Does it seem like your family's meals are always consumed "on the run." Sitting down for a family meal may feel like a luxury you can't afford with your family's busy schedules. Mom, dad, and kids have other commitments or their schedules just aren't in synch to allow for a relaxed family meal.
When I was a kid my dad would get home from teaching high school and we'd have to rush through dinner so that he could go to teach his evening class at a local college. While a more relaxed dinner would have been better, I'm glad we got to eat together. Research shows that families who share four or five meals together each week have kids who eat more fruits and vegetables, have healthier eating habits in general, and are at less risk for obesity.
Eating on the run increases the risk of childhood obesity and developing poor eating habits and may contribute to development of an eating disorder. In my clinical work with bulimic patients I often find that there is a lengthy history of chaotic eating. They may grab a snack or get something out of a vending machine, eat while standing-up, or eat in their car after using the drive-up window of a fast-food restaurant, but often there are few sit-down family meals.
An additional benefit of having meals together is the opportunity to catch-up with your kids and find out what's going on in their lives. Just make sure that you don't use dinner to lecture your child about poor grades, failure to do chores or other unpleasant topics. Enjoy the meal with your kids. You can discuss problems at another time.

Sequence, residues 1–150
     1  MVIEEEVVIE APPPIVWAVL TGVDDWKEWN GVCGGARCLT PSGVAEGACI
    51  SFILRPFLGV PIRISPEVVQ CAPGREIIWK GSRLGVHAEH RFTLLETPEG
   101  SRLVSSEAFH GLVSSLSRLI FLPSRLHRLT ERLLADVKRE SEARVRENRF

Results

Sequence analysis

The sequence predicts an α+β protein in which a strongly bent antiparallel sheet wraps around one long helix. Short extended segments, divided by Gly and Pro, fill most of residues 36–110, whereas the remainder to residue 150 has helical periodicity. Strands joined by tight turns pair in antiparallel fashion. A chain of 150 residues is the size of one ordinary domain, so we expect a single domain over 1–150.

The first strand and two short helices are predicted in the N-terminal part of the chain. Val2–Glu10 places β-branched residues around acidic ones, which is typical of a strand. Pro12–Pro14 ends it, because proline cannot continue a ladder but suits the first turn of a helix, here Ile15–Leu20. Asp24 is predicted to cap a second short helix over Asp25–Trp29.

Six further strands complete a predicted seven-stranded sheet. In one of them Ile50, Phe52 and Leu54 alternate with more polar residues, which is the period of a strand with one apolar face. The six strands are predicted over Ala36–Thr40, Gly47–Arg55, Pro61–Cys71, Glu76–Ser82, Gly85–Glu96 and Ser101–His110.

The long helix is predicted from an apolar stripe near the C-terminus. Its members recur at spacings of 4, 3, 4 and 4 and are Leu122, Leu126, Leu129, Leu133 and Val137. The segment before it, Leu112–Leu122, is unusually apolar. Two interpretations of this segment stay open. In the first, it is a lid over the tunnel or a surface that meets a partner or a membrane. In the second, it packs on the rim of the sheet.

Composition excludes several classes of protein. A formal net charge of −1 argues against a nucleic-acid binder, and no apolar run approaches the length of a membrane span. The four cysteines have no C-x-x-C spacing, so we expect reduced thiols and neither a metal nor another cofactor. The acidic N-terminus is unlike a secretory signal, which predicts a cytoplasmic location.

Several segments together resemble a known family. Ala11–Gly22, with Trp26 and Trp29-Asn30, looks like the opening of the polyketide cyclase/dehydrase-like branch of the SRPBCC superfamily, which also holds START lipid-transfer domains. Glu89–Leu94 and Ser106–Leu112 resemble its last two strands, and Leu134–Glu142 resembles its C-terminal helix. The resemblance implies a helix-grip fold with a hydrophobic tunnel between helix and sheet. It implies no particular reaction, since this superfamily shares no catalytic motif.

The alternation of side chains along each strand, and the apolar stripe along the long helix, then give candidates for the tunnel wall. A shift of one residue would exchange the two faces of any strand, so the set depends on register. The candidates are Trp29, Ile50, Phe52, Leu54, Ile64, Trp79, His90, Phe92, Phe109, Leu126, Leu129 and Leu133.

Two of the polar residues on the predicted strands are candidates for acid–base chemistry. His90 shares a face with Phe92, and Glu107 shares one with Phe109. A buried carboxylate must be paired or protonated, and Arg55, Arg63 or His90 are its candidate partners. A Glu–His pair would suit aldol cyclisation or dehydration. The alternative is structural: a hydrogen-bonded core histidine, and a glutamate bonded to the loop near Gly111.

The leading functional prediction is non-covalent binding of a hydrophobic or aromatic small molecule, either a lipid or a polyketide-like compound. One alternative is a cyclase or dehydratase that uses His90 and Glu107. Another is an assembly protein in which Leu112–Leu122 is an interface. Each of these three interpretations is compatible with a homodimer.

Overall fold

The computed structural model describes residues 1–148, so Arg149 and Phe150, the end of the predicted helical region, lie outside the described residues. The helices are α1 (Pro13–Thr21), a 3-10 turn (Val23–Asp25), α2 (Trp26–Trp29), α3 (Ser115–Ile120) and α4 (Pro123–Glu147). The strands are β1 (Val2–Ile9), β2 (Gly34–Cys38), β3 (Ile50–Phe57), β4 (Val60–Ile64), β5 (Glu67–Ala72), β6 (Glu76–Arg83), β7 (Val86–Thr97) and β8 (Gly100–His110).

Considering the enormous health and psychological costs of childhood obesity and the opportunity to increase communication with your kids, it would be worthwhile to make the changes necessary to have several family meals each week. Even if it is inconvenient and requires changing schedules or giving up some activities, the benefits will more than compensate for the disruption.
You may feel that it would be pointless to eat together. Many parents have tried to start conversations but complain that their kids don't want to talk. You shouldn't get discouraged if your conversation goes something like this:
Parent: "How was school today?"
Parent: "What did you do in class?"
Instead, you can start the conversation with an open-ended question. Even you get a perfunctory answer, like "fine" or "okay" or a non-verbal grunt at least your child will know that you are expressing interest. If this is a repeated pattern, you can have a conversation with your spouse about a topic that would be interesting to your child. For example, you could talk about sports, movies, music or even politics. Just make sure that the conversation is positive, not too critical. At some point in the conversation you can casually ask your child what she thinks.
Start with a goal of establishing a family meal routine for one or two nights a week. Review your family's schedules to see which days have the fewest commitments. Even if there is no perfect solution, distinguish between essential and optional activities. Ask yourself, in light of the health and psychological consequences of childhood obesity and eating disorders, which of your family's current activities is more essential than eating together? When you give it some thought, you'll find that very few activities are more important than promoting healthy eating habits and increasing communication with your children. Bon appétit!